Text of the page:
The Weekly Fetch Quest – October 3, 2016
Welcome to Theory of Gaming’s Weekly Fetch Quest, in which we adventure out into the world searching for the week’s most important news, and gather it all in one place, for your reading pleasure (and unlike most adventurers, we’ll fetch these items for you free of charge).
Every Monday, we’ll post the top stories from the previous week relating to the world of video games, along with some insights into why these are the news stories you should be reading. The Weekly Fetch Quest promises to be a brief look at these events that will get you caught up in no time at all.
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Despite its acquisition by Microsoft, Minecraft developer Mojang has announced that Minecraft Realms, a version of Minecraft that allows players to easily create their own multiplayer servers for a small monthly fee, will feature cross-platform play, not just among mobile devices, but consoles, too. This feature is anticipated to go live sometime in 2017 for home consoles. This is hopefully a sign that the era of cross-platform play is coming to an end, a positive step in the right direction for an industry that could use a little guidance.
In a move that surprises no one who has been following the controversy surrounding the release of No Man’s Sky, the Advertising Standards Authority, an independent regulator of advertising based out of the UK, is investigating allegations that the images and videos found on the Steam page for No Man’s Sky do not accurately reflect the retail release and constitute false advertising. This move seemed inevitable given the public backlash the title and developer Hello Games have faced over missing features, and the entire saga is a great lesson in how to not communicate about a video game, both before and after release.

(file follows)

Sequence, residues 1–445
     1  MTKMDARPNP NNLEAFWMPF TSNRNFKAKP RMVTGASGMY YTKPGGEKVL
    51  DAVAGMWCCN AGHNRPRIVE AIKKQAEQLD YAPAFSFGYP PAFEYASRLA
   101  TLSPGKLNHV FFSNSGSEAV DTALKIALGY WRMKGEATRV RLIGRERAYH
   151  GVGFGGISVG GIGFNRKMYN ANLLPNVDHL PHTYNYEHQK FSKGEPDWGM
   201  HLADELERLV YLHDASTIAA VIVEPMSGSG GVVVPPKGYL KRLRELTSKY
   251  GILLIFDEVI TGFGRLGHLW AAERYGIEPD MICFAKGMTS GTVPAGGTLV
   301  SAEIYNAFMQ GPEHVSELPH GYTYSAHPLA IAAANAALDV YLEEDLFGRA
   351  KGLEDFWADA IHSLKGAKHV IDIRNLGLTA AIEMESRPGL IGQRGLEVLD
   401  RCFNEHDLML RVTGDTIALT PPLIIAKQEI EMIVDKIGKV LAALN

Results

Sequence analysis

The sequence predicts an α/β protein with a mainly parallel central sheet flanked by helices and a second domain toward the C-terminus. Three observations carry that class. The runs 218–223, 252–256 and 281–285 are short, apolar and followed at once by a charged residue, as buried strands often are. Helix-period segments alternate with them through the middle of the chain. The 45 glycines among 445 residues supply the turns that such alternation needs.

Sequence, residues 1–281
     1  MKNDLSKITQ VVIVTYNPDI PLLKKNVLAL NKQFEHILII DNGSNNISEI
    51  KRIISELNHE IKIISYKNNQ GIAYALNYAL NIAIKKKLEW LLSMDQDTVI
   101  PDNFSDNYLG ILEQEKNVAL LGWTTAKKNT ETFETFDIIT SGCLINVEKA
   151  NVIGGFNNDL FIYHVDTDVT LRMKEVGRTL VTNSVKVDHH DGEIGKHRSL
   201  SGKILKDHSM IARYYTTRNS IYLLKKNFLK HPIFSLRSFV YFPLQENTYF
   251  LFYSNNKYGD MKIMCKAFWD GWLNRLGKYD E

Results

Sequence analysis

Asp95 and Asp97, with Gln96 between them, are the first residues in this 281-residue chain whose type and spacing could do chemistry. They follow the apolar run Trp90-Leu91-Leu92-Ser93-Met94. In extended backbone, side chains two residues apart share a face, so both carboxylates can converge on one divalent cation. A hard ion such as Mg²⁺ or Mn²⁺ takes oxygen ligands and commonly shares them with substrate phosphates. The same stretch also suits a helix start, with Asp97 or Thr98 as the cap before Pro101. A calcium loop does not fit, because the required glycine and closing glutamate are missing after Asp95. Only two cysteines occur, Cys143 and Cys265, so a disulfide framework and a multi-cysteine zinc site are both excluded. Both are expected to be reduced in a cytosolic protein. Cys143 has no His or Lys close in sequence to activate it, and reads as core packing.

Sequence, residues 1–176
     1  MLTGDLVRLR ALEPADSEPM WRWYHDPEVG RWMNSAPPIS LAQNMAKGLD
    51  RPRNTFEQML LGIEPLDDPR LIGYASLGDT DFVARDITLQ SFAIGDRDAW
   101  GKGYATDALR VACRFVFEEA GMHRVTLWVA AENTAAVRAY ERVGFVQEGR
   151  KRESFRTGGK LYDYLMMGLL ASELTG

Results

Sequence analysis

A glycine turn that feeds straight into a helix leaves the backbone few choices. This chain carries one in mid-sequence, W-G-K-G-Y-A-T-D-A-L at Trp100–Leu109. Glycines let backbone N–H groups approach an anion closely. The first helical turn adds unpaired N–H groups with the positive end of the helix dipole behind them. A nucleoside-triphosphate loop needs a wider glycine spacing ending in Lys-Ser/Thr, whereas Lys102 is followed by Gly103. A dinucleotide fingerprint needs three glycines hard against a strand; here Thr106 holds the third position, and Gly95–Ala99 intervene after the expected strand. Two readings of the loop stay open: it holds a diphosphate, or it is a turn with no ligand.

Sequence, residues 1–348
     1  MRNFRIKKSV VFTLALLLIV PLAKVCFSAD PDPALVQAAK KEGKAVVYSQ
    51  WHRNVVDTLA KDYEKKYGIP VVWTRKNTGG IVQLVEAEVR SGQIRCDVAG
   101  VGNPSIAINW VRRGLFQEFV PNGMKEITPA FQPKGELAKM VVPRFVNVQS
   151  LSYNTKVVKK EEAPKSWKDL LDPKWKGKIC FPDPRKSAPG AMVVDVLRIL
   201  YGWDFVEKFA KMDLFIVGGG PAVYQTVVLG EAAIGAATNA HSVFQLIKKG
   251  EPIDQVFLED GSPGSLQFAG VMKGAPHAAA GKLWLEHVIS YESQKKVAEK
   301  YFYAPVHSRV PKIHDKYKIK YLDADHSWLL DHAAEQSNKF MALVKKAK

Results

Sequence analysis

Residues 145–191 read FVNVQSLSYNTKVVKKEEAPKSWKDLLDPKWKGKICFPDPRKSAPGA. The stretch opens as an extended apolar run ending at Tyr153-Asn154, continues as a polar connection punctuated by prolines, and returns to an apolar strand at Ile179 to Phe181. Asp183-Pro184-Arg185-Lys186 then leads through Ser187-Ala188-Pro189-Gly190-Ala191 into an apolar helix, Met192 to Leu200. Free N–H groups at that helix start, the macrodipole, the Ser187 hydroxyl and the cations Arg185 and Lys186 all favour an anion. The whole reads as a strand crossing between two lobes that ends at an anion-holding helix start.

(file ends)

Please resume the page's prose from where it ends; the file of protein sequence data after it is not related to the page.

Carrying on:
After a long off-again, on-again, will-they or won’t-they, Sony is finally ready to announce that they’re going to make games for mobile devices. The timing of the announcement comes shortly after Nintendo unveiled their plan to create games for the iOS platform. This increased focus on mobile gaming may prompt another digital arms race, similar to how Nintendo had the entire industry chasing after the dream of motion controls, and is proof that the industry is indeed at a crossroads.
Most puzzle games tend to focus on, you know, puzzles first and foremost. But Haydee, a recent hit on Steam, takes a different approach to puzzle games, although there is nothing quite new about its use of sex appeal to sell copies. Regardless of the quality of the actual puzzles, its use of sex is a reminder that a game’s characters can shape its perception, that the industry is still a long way from equal representation, and that games need more independent, developed female protagonists.
In a move that is somehow both perplexing and validating at the same time, the Philadelphia 76ers, owners of one the worst overall records in the NBA over the last two seasons, have purchased two eSports teams, Team Dignitas and Team Apex. Although it might seem strange that a pro-sports team would invest in the world of eSports, it does validate the economic power of the video game industry. It also reminds us that actual sports games are overly complex and obtuse, and other genres make for a better sport than the virtual representations of real ones.
Proving that gamers will try anything to break a game and bend the rules, players of the new expansion for Destiny, Rise of Iron, have discovered an exploit that allows them to bypass an entire portion of the game’s latest raid. In the grand scheme of things, this is a small and easy fix, but it continues to highlight the struggles developers face with owning their art and letting gamers break it.